If you mean bad financial advice, then the answer is Yes. If you hold yourself out as an expert, and you invite people to come to you for advice, and you encourage them to act on that advice, then a court might consider that you are a professional financial adviser (even if you don't get paid for the advice). If someone loses money as a result of your advice, and if that person can show you acted negligently, you could be held liable.
Of course, it's not that simple. Actual practice varies considerably from one country or jurisdiction to another, and the result will depend on how much you attempted to convince people that you are a trustworthy expert. If you had a prominent disclaimer to every piece of advice you give (for example, clearly stating that you are not an expert and that your advice should not be relied on), that might be a good defence.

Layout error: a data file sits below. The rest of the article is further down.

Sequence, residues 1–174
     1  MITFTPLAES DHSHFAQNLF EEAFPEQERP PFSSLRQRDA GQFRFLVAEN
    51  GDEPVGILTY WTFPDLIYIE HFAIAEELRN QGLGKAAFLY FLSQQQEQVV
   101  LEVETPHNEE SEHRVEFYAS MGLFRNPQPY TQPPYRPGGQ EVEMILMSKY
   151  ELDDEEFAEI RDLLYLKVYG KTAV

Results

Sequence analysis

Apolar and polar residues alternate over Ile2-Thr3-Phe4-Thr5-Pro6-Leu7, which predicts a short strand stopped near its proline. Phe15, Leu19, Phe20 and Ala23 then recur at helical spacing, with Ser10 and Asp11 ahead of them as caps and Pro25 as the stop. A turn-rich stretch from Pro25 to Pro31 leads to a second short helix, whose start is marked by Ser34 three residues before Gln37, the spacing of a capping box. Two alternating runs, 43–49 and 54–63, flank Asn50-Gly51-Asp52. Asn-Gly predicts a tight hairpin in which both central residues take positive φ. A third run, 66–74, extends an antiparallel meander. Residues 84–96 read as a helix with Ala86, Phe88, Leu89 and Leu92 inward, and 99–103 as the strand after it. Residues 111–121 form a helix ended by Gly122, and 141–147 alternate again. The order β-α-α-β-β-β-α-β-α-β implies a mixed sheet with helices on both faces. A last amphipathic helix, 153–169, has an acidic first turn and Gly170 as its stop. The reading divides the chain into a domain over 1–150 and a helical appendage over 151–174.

The bottom line is that, if you are giving any sort of financial advice, you need to be very careful in what you way and how you say it. (By the way, this doesn't just apply to financial advice.)